Alaska Fish Radio: Economic Study Will Assess Human Side of Pacific Halibut Fisheries
Seafood News by Laine Welch, Alaska Fish Radio - February 24, 2021
This is Alaska Fish Radio. I’m Laine Welch. What are the human inputs to halibut economics? More after this -
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Who are the users of Pacific halibut and how do they use it?
Responses to a stakeholder survey will help yield results for a first of its kind study that aims to characterize the economic contribution of the Pacific halibut fisheries to all regions.
The International Pacific Halibut Commission (IPHC) is the first regional group in the world to do such a study, saying that understanding the human dimension is part of its mandate for optimum management of the resource.
The survey assesses U.S. and Canada halibut users in commercial, sport charter, subsistence and processor sectors. It measures economic impacts from hook to dinner plate, employment and incomes, households’ prosperity and contributions to regional and national economies - known more broadly as multiplier effects. Barbara Hutniczak is IPHC lead economist for the study -
“So per dollar of landed fish, how much of the economic activity is generated and how much this translates to wages, and how much it translates to the GDP. The GDP encompasses effects on wages, but also effects on profits by the businesses that are supported by the commercial or recreational fisheries.”
GDP is the Gross Domestic Product, a measure of the U.S. economy and its growth.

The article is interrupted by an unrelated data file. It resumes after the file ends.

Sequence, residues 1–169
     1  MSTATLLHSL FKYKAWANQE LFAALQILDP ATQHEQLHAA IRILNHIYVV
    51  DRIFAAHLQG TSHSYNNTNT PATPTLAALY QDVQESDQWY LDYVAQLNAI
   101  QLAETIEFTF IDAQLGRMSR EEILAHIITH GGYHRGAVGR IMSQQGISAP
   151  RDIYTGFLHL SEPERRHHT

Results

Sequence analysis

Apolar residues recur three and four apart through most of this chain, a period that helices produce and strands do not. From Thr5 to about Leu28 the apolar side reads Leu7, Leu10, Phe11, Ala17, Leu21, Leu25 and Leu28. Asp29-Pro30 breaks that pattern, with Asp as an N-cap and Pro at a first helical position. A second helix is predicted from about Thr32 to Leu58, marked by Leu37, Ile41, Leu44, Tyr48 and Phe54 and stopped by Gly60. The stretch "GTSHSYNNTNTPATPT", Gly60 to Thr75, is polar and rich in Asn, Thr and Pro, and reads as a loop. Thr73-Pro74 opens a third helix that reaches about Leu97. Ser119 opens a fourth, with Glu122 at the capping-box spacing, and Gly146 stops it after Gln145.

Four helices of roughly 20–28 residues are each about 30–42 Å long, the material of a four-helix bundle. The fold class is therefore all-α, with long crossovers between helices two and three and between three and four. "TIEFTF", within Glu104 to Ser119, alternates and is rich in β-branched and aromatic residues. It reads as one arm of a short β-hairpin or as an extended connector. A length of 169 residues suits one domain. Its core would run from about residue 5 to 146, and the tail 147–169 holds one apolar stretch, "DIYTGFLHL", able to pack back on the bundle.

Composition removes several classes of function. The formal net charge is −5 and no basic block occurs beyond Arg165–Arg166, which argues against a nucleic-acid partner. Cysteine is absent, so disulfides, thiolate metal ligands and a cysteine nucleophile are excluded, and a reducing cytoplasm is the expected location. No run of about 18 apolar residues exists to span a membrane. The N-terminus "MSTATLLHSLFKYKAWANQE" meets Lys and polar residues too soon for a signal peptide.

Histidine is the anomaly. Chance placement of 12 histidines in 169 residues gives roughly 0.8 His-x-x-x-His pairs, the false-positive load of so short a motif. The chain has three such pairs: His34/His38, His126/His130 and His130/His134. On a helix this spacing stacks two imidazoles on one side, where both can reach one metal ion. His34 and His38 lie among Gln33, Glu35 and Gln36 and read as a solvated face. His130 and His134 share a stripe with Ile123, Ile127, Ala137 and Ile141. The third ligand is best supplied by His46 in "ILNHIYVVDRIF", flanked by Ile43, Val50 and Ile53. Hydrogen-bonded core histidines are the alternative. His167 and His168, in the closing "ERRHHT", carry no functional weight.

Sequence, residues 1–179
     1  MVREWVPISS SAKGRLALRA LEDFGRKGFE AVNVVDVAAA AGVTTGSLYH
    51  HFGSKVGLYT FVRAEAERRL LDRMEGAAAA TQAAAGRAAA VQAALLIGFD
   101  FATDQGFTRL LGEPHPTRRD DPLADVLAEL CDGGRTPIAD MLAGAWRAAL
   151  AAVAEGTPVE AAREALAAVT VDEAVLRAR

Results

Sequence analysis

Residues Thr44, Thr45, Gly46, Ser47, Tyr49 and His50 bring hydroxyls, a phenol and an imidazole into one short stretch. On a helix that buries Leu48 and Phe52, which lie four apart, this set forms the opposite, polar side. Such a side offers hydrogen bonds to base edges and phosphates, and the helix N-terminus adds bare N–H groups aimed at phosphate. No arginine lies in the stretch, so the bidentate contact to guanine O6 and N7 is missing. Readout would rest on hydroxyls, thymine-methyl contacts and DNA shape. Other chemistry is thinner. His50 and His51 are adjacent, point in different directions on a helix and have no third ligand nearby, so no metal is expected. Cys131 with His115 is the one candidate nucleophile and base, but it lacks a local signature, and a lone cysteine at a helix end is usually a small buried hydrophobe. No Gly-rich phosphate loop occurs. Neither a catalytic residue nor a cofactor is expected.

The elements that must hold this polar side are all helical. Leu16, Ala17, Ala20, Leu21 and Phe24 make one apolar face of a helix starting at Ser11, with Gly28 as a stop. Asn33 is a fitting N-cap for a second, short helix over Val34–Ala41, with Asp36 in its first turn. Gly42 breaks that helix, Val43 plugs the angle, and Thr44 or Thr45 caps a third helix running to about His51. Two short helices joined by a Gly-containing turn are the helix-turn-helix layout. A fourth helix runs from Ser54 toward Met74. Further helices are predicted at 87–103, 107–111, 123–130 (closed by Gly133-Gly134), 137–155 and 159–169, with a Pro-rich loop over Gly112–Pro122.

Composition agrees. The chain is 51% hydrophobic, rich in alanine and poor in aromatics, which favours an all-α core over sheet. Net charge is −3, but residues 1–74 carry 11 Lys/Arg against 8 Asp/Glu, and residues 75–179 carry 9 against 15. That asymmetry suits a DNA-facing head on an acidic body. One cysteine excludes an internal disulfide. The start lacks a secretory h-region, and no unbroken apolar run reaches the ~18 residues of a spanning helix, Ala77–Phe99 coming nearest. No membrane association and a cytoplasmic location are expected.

The IPHC survey also includes regional economic ripple effects and spillovers to other areas.
“So for example, a vessel that is fishing in Alaska benefiting from the Alaska-based resource might in the wintertime be serviced in say, Washington State. So in this case, the economic effects will be also in Washington State because the marina where this vessel is serviced will have additional activities.”
The confidential survey includes four main sections on vessel activities, revenue and quota use, labor information and vessel operating expenses.
Hutniczak says responses are accepted anytime and information will be constantly updated in reports and on a nifty visualization tool.
“I would like to encourage stakeholders to fill in the survey and provide the information that will benefit all the sectors and show the potential of each sector in terms of supporting the local communities and economies and various other aspects that can be highlighted through your responses.”
Biden offers small businesses special PPP application window, assistance
Seafood Source by Cliff White - February 22, 2021
The administration of U.S. President Joe Biden is attempting to steer more Paycheck Protection Program (PPP) funding to America’s small businesses.
Labeling and Marketing
Alaska Seafood: a basket-building, last-minute dinner solution
Grocery Dive by Alaska Seafood Marketing Institute - February 22, 2021
Last year, frozen seafood sales grew 35%—an unprecedented rate.1 As more consumers cooked and ate at home, they fell in love with Alaska seafood, enjoying the taste, variety and multiple health benefits seafood offers.2
IB 21-11: Have Questions on NPFMC Requests for Emergency Actions? NOAA Fisheries Offers Q&As
NOAA Fisheries - February 18, 2021
Information on Recent NPFMC Emergency Action Requests
On February 10, 2021, the North Pacific Fishery Management Council made four recommendations to NOAA Fisheries for emergency or expedited changes to Federal fishing regulations.
13 Salmon Benefits, According to Nutritionists
Here's why you should start incorporating more into your diet.
Health.com by Maggie O'Neill - February 22, 2021
Integrating more seafood into your diet can be tricky, but it's probably worth the effort every now and then: The American Heart Association recommends eating fish at least twice a week for a reason. Salmon, in particular, is a good dish if you're trying to be conscious of your heart health. Below, you'll find 11 health benefits of salmon, according to registered dietitians.
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